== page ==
Most of us, 9 out of 10 people, have experienced back pain at least once in our lives. But why? Is it just an unavoidable fact of life?
In this episode of the TotalSelf Considered, Jeff Fine interviews Erika Muraski, physical therapist extra-ordinaire. Erika was a competitive ice-skater until she had a career ending injury. She had always wanted to be a physical therapist and the experience of getting hurt and having to give up the sport she loved has made her highly attuned and compassionate to the needs of her patients.
Jeff and Erika discuss back pain and treatment approaches from multiple perspectives: first, Erika explains the physical structure of the spine and surrounding soft tissue, and the related “mechanical” issues or imbalances that can lead to back pain. After going over the symptoms of various types of back pain, and when one should seek medical attention, Jeff and Erika delve into the impact of lifestyle factors, particularly the role that our sedentary lifestyles and stress have for so many of us experiencing back pain.
There’s an overwhelming amount of recommendations out there to reduce back pain – core strengthening, zero drop shoes, standing desks, stretching, ice, heat, doing more, doing less, laser therapy – but which of these actually help?
Listen to this episode of the TotalSelf Considered podcast to find out.
Summary of Episode
- How Erika used her experiences she gained from her accident to help other people work through their injury
- Listening to the patient key to understanding the injury
- Visit time with physicians have been droppping – current average is 6 minutes!
- What exactly is meant by “back pain” – what areas of the body are affected
- Symptoms and causes of back pain – muscle spams, irritations, sprains…
- Referred pain – numbness, tingling, weakness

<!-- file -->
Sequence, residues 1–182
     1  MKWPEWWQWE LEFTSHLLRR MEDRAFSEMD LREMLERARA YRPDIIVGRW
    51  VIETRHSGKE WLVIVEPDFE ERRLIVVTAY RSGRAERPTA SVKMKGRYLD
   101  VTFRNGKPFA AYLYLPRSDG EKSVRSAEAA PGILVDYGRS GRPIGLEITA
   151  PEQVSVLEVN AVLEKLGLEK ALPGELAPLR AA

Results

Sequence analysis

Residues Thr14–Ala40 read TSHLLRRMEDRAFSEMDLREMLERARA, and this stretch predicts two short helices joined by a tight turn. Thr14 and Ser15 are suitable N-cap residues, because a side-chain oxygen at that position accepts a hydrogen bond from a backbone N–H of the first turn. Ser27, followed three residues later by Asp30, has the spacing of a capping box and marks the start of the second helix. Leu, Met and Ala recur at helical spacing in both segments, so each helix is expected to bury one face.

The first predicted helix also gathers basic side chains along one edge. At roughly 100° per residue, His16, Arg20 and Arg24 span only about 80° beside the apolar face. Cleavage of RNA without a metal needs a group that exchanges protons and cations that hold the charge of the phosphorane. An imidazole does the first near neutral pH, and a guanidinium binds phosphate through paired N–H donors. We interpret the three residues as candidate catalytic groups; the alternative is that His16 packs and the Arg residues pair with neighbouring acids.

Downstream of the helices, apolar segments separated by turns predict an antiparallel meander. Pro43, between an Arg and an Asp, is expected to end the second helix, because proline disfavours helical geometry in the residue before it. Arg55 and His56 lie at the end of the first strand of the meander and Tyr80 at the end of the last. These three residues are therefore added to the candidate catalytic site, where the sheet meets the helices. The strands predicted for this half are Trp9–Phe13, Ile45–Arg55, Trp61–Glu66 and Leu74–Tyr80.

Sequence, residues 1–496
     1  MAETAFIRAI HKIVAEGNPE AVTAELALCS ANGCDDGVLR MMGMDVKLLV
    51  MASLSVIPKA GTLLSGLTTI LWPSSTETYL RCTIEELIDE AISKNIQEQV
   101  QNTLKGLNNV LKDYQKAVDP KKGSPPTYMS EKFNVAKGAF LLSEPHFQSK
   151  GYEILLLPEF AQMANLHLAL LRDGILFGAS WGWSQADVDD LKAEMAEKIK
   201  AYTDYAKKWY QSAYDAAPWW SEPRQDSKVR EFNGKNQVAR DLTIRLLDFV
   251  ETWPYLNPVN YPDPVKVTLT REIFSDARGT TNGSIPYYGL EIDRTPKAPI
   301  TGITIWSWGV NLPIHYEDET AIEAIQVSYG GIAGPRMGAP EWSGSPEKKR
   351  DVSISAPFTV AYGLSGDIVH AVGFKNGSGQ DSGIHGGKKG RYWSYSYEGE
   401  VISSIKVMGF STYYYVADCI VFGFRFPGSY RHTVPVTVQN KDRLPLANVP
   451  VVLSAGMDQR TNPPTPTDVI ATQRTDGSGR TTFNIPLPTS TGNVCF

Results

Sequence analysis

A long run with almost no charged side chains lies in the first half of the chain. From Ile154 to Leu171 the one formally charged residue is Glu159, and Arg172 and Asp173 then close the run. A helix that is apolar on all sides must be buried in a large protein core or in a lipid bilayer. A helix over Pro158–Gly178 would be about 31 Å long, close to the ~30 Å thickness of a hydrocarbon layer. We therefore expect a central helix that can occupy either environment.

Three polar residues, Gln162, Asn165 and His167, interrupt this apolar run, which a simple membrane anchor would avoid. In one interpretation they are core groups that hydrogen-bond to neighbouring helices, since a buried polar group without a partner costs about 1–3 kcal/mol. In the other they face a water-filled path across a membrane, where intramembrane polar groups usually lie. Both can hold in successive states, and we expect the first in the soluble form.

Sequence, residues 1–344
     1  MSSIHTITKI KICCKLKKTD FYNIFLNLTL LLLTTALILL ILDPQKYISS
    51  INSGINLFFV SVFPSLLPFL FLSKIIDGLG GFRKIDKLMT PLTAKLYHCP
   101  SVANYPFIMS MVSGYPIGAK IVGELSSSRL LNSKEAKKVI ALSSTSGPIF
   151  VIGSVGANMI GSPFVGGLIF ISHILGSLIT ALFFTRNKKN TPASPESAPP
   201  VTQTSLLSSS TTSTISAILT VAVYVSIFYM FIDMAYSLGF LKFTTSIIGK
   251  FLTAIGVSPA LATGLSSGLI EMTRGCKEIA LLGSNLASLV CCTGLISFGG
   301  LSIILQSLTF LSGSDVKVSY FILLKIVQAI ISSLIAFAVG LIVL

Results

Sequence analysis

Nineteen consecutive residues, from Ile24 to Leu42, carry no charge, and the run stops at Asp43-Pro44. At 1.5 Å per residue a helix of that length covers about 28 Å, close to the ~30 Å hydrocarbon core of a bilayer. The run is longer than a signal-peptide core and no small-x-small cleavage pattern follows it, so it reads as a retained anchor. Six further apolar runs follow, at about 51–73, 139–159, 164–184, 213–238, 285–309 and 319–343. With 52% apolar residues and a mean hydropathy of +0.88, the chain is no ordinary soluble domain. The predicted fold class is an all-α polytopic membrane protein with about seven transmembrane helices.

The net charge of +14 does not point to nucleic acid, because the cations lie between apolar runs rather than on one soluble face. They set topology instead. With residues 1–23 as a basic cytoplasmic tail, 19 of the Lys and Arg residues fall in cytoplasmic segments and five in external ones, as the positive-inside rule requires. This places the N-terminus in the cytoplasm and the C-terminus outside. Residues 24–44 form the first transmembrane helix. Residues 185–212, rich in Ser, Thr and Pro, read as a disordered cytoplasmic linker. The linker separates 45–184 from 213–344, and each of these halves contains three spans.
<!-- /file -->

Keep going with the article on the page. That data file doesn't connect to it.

- Functional issues – can’t stand or can’t move properly
- Causes: 95% are mechanical reasons – linked to the movement of the back or mechanics of the spine
- Structure of the spine: discs, ligaments, muscles, vertebrae, facet
- When is it advised to see a medical doctor or a physical therapist, red flags for medical intervention
- Direct access in NY state: people can see a PT without a referral from a physician
- How long it takes to get back to normal functioning when working with a PT
- Getting ahead of injuries: tackle them before it starts to fester
- Compensation issues – adjustments to avoid pain become problematic
- Chronic pain vs acute pain – what causes pain to become chronic
- Unhealthy lifestyle factors: sitting too long, technology, spending too much time in bed
- Sleep hygiene: the right type of mattress is individualized for body type – soft vs firm mattress, number of pillows…
- Relationship between sedentary lifestyle – increased back pain
- Exercising too hard and pushing until overly fatigued has negative affect
- Education and awareness can make a big difference: understand your body and cues, make adjustments in daily life
- Standing desks
- Dangers of sitting: compression forces are exponentially higher when sitting – deweighting your spine makes a big difference
- Key is variation throughout the day – change positions often
- When back is injured, people’s inclination is usually to do less, which isn’t always helpful
- Ice vs heat?
- Zero drop shoes
- Emotional factors and stressors that affect back pain
- Erika’s top five recommendations to maintain a healthy back
- Erika’s Class 4 laser: helps increase blood flow, reaching where typical infrared heat doesn’t reach – ideal for releasing muscles that are in spasm and too tender to touch
“I tend to always think from their perspective. How horrific is it to wake up and the moment they move they’re in immediate pain. It’s horrible. Understanding that component of it and then giving them even five minutes of relief… it makes a difference.”
“When we’re upset, there are physiological and hormonal and chemical changes in the brain and the body that contribute to how muscles are functioning. They can become tighter, more brittle just from being in this fight or flight kind internal experience.”